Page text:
Thursday, 10 March 2011
Wildlife Gardening Part 3 Bee Boxes, insects and other animals
It is important in a wildlife garden to provide areas for as much wildlife as possible. The easiest and most important are insects not only are they a major part of the biodiversity in the garden but also beneficial. In the UK Bees are under a lot of pressure from agricultural processes and insecticides so we should do as much as possible to help them.
My first Bee box is this one designed to provide a home for bumble bees.
It is full of nesting material and has a small entrance hole on the front. It needs to be placed near a food source such as early flowering plants.
My second Bee box is designed for leaf cutter bees, these use small sections of leaf to line tubes in which they lay their eggs. This box is really nice as it has clear plastic tubes which allow you to view the occupants.
You can see in these photo's the nests the bees made last year
I also have these two bee boxes for solitary bees, both are placed near good food sources such as lavender
Bees are not the only insect it is worth encouraging into the garden, this is a lacewing box although it may also be used by ladybirds. Both these insects are great in the garden as they feed on aphids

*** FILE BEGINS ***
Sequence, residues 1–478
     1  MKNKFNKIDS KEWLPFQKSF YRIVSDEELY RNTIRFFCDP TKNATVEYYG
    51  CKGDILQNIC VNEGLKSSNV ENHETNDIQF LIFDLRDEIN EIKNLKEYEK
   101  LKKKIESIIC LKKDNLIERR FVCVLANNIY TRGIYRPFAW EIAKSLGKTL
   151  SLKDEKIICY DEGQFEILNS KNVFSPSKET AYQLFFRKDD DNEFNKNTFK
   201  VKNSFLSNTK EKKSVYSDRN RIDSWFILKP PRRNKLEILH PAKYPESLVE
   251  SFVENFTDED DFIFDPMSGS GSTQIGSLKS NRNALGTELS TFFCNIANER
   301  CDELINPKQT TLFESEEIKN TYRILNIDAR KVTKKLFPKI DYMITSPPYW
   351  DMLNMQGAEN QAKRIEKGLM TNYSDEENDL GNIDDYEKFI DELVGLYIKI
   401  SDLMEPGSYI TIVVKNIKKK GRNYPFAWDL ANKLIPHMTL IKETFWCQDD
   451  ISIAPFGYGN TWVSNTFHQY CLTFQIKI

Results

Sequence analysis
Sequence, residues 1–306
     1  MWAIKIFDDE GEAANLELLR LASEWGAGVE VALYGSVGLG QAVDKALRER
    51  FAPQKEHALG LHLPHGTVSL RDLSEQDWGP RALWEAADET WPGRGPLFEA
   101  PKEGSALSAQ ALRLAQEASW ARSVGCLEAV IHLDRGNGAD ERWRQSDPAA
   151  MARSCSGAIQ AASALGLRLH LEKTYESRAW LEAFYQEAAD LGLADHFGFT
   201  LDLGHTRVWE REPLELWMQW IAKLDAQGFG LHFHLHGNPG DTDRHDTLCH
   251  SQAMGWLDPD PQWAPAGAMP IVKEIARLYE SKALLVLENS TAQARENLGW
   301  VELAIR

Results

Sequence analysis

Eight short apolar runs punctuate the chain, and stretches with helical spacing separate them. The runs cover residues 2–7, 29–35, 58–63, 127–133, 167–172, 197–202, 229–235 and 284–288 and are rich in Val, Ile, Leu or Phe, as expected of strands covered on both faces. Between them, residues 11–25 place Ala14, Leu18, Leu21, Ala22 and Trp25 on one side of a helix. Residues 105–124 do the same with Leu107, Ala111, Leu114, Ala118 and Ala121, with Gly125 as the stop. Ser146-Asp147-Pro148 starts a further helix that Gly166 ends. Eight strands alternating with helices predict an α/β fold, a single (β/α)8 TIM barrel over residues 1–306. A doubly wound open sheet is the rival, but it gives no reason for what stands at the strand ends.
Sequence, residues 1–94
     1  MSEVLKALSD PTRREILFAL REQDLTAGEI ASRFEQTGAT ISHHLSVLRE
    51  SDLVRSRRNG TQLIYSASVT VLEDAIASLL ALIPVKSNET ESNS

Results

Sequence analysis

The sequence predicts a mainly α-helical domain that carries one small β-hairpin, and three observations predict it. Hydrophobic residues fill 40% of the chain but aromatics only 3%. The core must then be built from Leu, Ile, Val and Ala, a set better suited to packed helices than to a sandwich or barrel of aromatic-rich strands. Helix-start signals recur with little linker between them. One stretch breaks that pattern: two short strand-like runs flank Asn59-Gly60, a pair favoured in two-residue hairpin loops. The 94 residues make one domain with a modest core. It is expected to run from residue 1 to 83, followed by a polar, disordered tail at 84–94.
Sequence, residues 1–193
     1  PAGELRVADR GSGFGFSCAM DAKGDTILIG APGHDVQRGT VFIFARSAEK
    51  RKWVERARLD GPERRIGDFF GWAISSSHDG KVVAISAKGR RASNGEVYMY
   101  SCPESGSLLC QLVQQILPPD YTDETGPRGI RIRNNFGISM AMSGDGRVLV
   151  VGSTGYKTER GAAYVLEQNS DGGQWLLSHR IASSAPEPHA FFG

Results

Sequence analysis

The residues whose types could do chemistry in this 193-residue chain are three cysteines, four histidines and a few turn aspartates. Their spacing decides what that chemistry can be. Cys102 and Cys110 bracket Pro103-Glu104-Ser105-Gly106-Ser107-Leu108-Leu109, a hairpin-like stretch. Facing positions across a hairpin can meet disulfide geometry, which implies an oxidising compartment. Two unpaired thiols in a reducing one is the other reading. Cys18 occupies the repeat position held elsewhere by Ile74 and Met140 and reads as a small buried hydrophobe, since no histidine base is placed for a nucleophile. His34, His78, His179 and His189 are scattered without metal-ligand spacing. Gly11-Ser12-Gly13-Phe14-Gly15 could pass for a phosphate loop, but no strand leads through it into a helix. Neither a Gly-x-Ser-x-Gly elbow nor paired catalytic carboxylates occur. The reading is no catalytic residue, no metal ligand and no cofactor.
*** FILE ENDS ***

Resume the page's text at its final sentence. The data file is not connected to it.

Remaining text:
The other two boxes I have in the garden are for mammals. The first is this hedgehog box, which is placed in a quiet spot of the garden for minimal disturbance by the dogs. In the autumn in bury it in leaves to make it more welcoming to any hedgehog looking for an overwintering site.
The second mammal box is this Bat box on our walnut tree. This box has been in place for several years but although we get a lot of bats over the garden sadly it has not been used yet. This is not unusual as bats tend to reuse nesting sites annually so it is only when they are disturbed that they will seek new sites.
Finally if you are interested in Bees you must vist. www.pencilandleaf.blogspot.com where you will find some beautiful illustrations of bees.
Posted by Gary Davis